Prof. Patrick Dolan, holder of the UNESCO Chair in Children, Youth and Civic Engagement address the conference at the outset from the Child’s point of view. He alluded to the long term detrimental effects family disputes can have on the child. He eloquently gave voice to the child’s needs and how mediation can enable the child’s voice to be heard which can all too often get drown out in litigation.
Mr. Justice Henry Abbott of the Irish High Court located the questions referred to above firmly in the Irish legal system in his address. As one of the judges who work primarily in this area, he was anxious to point out the shortcomings of litigation in addressing cases of child abduction and related family conflict. He was also at pains to point out that the Irish judiciary are very much in favour of resolving such disputes by amicable means such as mediation, and will take all necessary steps to give legal effect to agreements reached in mediation. This message was an important one for all the lawyers present, and for members of the public to hear, in a country where litigation is still often the only avenue considered for the resolution of family conflicts, despite the availability of mediation.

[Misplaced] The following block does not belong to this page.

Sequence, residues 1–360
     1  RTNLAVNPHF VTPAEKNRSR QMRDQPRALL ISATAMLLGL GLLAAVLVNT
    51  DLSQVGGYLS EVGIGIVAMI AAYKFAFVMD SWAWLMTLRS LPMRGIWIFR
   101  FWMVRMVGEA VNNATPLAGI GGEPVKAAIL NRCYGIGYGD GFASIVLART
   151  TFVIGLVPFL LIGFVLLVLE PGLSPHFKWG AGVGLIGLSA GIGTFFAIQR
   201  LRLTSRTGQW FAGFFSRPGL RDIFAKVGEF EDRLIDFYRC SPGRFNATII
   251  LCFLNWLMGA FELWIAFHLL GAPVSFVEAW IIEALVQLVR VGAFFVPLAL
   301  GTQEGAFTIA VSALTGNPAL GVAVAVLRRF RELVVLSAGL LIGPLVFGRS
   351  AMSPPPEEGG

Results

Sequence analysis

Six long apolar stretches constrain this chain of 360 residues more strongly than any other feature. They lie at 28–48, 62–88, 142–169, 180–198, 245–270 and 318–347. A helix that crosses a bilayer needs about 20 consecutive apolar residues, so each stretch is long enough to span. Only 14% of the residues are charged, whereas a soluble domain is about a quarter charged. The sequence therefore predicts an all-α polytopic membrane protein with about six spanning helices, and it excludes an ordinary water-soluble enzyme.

Hilde Demarré from Child Focus in Belgium, one of the agencies that organised the first ever EU wide training for international family mediators (see some of my previous blogs), then set out the EU Model for international family mediation and introduced the EU Network of International Family Mediators (www.crossbordermediator.eu) which was launched last year. Her contribution to the conference made it clear that international family mediation is not a theoretical concept, but a service that is available throughout Europe and beyond, and that mediators are readily accessible no matter where parents and their children might be located.